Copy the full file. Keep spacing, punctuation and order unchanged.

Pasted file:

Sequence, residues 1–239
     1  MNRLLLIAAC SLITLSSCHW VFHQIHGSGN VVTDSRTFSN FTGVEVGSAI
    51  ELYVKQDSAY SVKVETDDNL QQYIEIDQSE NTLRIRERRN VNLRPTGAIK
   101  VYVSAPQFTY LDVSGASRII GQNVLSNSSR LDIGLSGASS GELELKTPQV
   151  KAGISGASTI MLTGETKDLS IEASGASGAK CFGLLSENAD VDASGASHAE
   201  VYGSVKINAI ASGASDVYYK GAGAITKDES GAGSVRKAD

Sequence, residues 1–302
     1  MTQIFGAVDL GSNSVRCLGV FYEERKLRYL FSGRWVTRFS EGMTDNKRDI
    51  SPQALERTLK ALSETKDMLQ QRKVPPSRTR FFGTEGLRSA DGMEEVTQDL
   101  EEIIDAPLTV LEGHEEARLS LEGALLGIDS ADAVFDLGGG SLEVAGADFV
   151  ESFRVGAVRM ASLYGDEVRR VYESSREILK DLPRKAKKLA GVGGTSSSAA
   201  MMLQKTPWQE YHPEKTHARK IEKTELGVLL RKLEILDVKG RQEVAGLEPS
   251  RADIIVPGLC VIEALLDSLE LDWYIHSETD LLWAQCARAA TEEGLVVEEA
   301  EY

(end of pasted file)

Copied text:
Sequence, residues 1–239
     1  MNRLLLIAAC SLITLSSCHW VFHQIHGSGN VVTDSRTFSN FTGVEVGSAI
    51  ELYVKQDSAY SVKVETDDNL QQYIEIDQSE NTLRIRERRN VNLRPTGAIK
   101  VYVSAPQFTY LDVSGASRII GQNVLSNSSR LDIGLSGASS GELELKTPQV
   151  KAGISGASTI MLTGETKDLS IEASGASGAK CFGLLSENAD VDASGASHAE
   201  VYGSVKINAI ASGASDVYYK GAGAITKDES GAGSVRKAD

Sequence, residues 1–302
     1  MTQIFGAVDL GSNSVRCLGV FYEERKLRYL FSGRWVTRFS EGMTDNKRDI
    51  SPQALERTLK ALSETKDMLQ QRKVPPSRTR FFGTEGLRSA DGMEEVTQDL
   101  EEIIDAPLTV LEGHEEARLS LEGALLGIDS ADAVFDLGGG SLEVAGADFV
   151  ESFRVGAVRM ASLYGDEVRR VYESSREILK DLPRKAKKLA GVGGTSSSAA
   201  MMLQKTPWQE YHPEKTHARK IEKTELGVLL RKLEILDVKG RQEVAGLEPS
   251  RADIIVPGLC VIEALLDSLE LDWYIHSETD LLWAQCARAA TEEGLVVEEA
   301  EY